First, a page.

By Rebecca Lane, Mercy Volunteer Corps
|Mercy Volunteers serving on a Navajo Reservation in Arizona enjoy hiking as a community|
She turned around abruptly to look at me and with sureness in her voice, the words, “I have never been friends with anyone like you before” echoed off the walls of our new apartment. She was probably right. Our interest and outlooks surely didn’t streamline together in a perfect way. It was no secret, we were undeniably different. We were placed together for a year of service, but that did not constitute a friendship. Our humor did not match, our lifestyles were polarities, and I thought we were headed for a year of turmoil.
It wasn’t just her and I at opposite ends of the life spectrum. As a community, we all had stories to share of where we came from, and who we are today. None of which corresponded. Placed in an entirely different environment: college, a party, or a workplace, would we still have built a friendship with one another? The odds are slim. We are wildly unique, chasing our own lavish dreams. Even with three nurses in the house, they are each sprouting in various directions. Yet cohesively, we lived together, we worked together, and we adventured together. Truth be told, it isn’t easy. Robotic we are not. Each of us is wired with deep passions and strong thoughts on what community in the Navajo Nation should entail.
Packaged in our fleshy nature are concepts and ideals that have been unknowingly manifested in our psychological pathways and present themselves daily. They are caused by how we were raised, experiences we had, and a moral code we have developed. Most individuals are unaware of these concepts and ideals until they are forcefully removed from an environment that accepts them as normalcy.
One ideal that may not appear as a dilemma but can shake other’s routines is washing the dishes. Four of the five Saint Michael’s Mercy Volunteers are from the East Coast where droughts and water shortages do not plague a community. One of us, however, is from the West Coast. Growing up in eco-friendly Colorado, her ideals are rooted in water conservation, composting, and gardening. As I write, there is a beautiful box garden growing on our windowsill. Therefore, continuously running water as one washes the dishes strikes a nerve in her. As we sit down at the dinner table nightly, each one of us brings assumptions like these on how daily chores should be done, how to make decisions, and different lifestyle choices. The beauty is none of us are wrong, we are simply different.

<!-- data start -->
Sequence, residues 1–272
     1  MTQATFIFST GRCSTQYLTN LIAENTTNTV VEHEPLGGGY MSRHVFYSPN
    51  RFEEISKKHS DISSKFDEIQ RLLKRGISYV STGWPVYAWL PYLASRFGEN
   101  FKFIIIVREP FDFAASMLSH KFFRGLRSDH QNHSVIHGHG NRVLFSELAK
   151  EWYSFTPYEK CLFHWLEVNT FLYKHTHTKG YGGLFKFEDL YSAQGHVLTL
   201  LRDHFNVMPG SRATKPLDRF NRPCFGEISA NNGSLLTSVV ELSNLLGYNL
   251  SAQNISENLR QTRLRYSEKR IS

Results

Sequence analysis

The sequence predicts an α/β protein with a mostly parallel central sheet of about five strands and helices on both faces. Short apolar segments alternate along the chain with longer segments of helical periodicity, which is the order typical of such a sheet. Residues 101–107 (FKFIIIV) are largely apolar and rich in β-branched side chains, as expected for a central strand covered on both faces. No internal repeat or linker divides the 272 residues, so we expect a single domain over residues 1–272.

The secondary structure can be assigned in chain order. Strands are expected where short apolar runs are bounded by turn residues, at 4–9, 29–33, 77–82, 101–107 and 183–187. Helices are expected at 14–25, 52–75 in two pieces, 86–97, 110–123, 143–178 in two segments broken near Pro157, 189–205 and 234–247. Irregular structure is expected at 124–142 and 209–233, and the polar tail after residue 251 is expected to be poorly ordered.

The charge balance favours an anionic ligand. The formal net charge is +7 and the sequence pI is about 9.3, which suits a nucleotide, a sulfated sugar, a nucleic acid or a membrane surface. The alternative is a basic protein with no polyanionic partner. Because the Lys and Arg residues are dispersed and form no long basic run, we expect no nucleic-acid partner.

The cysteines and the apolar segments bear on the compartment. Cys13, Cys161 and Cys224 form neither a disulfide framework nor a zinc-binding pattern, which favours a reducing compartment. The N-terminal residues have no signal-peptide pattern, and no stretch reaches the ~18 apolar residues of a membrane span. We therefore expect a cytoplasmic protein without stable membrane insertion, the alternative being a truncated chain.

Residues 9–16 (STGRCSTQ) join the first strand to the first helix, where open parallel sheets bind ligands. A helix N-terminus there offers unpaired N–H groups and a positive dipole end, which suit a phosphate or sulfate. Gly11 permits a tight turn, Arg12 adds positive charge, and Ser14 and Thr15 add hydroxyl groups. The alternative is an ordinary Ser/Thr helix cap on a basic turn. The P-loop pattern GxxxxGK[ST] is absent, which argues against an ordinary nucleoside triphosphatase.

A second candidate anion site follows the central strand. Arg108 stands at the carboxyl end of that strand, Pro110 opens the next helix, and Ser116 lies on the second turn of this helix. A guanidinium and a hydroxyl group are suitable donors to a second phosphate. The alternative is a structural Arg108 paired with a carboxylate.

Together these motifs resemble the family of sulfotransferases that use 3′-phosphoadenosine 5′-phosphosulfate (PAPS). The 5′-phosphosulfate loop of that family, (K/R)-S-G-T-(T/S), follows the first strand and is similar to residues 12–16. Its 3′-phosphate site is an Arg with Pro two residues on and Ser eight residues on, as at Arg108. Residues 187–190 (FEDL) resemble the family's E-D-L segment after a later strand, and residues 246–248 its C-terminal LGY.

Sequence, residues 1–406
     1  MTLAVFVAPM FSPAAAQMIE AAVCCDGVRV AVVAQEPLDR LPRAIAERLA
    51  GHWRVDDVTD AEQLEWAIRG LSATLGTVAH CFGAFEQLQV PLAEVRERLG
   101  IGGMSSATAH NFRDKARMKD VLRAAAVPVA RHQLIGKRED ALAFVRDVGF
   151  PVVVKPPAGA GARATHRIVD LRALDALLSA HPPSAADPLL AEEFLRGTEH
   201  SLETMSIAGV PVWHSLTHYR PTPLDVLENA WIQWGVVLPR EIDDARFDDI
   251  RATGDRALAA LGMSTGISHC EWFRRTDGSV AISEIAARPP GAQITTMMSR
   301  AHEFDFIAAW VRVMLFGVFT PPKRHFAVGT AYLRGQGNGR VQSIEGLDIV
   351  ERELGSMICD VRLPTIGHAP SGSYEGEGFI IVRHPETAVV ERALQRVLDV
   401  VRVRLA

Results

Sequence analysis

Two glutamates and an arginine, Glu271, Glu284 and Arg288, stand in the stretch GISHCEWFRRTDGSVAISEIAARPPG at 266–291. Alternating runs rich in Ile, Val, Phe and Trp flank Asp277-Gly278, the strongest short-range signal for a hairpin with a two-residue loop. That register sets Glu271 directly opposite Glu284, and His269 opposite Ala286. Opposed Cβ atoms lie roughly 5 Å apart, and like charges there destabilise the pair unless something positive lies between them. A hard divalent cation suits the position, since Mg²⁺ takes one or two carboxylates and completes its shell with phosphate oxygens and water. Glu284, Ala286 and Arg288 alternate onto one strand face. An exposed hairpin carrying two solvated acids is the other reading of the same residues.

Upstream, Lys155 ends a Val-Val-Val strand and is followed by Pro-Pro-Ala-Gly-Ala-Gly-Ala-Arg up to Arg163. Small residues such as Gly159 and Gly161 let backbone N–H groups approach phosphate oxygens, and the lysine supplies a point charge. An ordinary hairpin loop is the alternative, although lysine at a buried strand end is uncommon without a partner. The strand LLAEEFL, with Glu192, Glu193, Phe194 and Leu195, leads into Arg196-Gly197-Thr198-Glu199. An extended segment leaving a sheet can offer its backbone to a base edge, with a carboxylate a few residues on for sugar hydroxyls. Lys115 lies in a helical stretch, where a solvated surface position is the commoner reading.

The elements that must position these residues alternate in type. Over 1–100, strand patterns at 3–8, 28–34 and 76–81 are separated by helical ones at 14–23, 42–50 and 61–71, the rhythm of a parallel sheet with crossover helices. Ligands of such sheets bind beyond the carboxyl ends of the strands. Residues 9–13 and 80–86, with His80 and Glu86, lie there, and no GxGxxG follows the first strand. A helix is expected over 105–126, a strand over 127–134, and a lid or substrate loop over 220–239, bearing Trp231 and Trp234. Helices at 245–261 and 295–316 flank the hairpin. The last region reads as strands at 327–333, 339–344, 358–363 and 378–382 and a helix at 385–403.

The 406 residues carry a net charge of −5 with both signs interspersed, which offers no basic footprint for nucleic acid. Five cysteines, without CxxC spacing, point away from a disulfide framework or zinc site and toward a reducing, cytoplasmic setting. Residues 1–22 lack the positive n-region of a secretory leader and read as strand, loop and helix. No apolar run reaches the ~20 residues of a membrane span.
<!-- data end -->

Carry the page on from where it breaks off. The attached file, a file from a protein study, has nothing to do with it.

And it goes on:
Because of our diversity, we are learning a great deal. Yet, we did not simply learn about each other, we teach other. Living with nurses, I learned far too much about infections, medical terms, and how to be an advocate for others and myself in a hospital setting. As for the Speech Therapist, she shows me how to teach my non-verbal student to begin to speak and the importance of communication. For me, I have the opportunity to teach my community members American Sign Language and how to manage difficult behaviors in a classroom setting.
Informally, we taught one another how to cook from delicious Italian meals to meat and potatoes and every other oriental dish in between. Winter nights were best spent learning to crochet and using them as “living simply” Christmas gifts. Summer months were spent learning to face the fear of height as we hiked all over this beautiful desert. In our downtime, we painted, we completed puzzles, and we learned which roads were best not to take after a rain shower. In 1 Peter 4:10 it states, “Each of you should use whatever gifts you have received to serve others, as a faithful stewards of God’s grace in its various forms.” We were each unique gifts and destined by God to serve in Saint Michaels, Arizona to not only serve our community, but to serve one another and teach each other every day that diversity is beautiful. More importantly, we taught one another that although assumptions are inevitable, to step into another’s life in intentional community is life-giving.
Community forces yet fosters deeper relationships. We are unable to hide behind our exterior, instead everyday demands us to pour out a little of our soul on to the table for each member of the community to probe at and infer their own judgments. In the beginning, it was excruciating. By the end, it was liberating. To be a part of a community that freely allows you to be who you are, despite differences, makes for a pleasant abode. We are truly blessed.
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